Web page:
Now this is a particularly important issue for the FFA members and in particular the PNA members because it comes back down to this concept of disproportionate burden; the FAD closures which are one of the main components of the measure transfer what we call a disproportionate burden onto the small island developing states. It means they are suffering a cost that far outweighs the costs that are being borne by other commission members and far outweighs the benefits that they get for the conservation of bigeye tuna. So that is why PNA have been proposing a package of measures to improve the longline measures and to improve the purse seine measures because until you do start to get a better balance between the flow of costs and benefits then it is going to be very, very difficult, well impossible, to talk about further reductions in the purse seine fishery.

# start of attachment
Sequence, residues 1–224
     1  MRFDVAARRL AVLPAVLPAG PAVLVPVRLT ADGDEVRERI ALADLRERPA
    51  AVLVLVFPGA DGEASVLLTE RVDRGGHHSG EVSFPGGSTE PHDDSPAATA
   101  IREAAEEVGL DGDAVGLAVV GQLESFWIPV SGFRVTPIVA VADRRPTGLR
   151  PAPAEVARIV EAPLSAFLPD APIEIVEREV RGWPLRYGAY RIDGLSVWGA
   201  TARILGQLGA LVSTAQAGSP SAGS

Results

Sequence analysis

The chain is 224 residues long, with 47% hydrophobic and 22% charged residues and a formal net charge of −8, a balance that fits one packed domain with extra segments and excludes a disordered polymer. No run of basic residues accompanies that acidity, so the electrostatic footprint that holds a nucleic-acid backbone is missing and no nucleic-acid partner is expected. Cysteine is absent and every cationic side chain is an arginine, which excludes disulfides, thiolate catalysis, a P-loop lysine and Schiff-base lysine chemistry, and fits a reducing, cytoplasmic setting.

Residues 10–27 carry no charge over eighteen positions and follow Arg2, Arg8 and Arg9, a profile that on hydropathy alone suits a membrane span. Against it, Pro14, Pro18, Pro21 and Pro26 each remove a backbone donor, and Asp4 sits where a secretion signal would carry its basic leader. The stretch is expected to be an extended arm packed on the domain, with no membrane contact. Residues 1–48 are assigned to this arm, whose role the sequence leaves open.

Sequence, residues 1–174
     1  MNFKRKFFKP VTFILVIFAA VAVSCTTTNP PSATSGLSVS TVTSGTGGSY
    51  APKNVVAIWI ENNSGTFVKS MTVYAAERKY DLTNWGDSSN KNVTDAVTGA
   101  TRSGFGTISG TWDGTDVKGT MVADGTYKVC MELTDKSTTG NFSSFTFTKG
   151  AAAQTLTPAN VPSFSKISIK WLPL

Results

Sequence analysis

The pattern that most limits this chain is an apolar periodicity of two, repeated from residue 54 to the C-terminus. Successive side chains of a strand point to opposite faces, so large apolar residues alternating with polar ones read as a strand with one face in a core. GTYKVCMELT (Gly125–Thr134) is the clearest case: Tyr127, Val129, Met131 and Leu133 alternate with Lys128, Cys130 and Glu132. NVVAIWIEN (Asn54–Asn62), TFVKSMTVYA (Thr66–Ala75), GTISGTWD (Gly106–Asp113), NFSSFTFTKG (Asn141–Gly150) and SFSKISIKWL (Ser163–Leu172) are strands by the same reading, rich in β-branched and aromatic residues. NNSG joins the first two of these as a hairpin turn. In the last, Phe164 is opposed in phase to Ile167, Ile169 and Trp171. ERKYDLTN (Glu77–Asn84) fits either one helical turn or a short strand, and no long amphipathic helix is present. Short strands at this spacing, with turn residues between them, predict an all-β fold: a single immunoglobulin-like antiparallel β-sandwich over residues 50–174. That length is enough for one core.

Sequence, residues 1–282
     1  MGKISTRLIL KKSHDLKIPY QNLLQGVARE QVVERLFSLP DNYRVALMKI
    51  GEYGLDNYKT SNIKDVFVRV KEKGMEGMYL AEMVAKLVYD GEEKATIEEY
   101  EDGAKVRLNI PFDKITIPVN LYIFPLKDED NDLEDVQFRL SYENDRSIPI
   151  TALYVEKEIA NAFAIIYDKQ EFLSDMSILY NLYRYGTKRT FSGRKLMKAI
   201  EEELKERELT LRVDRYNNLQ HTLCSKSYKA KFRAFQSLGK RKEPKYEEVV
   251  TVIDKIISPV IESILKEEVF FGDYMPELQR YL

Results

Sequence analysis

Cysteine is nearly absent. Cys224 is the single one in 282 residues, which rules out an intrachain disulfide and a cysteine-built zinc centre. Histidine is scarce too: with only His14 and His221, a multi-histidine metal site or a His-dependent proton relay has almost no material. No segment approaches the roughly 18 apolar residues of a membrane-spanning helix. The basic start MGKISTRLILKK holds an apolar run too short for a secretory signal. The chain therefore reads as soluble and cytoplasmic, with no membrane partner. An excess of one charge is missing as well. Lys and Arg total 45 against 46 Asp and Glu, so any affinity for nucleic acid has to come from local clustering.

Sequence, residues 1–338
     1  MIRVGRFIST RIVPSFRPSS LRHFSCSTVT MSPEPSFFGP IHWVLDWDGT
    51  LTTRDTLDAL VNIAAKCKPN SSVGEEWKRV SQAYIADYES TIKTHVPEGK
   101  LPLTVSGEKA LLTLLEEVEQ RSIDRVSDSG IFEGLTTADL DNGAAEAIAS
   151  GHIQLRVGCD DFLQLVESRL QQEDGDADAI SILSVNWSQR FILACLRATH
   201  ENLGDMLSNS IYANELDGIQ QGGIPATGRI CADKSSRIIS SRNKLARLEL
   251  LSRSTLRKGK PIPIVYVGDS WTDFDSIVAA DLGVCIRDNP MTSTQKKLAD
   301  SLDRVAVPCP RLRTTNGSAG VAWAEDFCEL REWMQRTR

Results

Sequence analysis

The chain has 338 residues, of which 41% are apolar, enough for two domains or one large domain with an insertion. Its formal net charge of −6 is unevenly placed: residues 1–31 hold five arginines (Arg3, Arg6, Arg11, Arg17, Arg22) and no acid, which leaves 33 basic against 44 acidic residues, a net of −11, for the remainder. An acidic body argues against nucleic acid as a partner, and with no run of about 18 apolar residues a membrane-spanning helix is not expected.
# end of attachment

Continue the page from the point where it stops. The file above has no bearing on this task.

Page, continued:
The package of measures that the PNA members put on the table at the start of the meeting were used by the chair as the basis for her endeavours to secure an agreement, and as I say, the difference and the divergence between the two groups have meant it was just too much and there is very different perceptions about what is a fair contribution between each fishery depending on which country you talk to. So that is a deeply frustrating situation and what it really highlights, yet again is the fact that the way that the way the WCPFC approaches the management of fisheries needs to be fundamentally reviewed.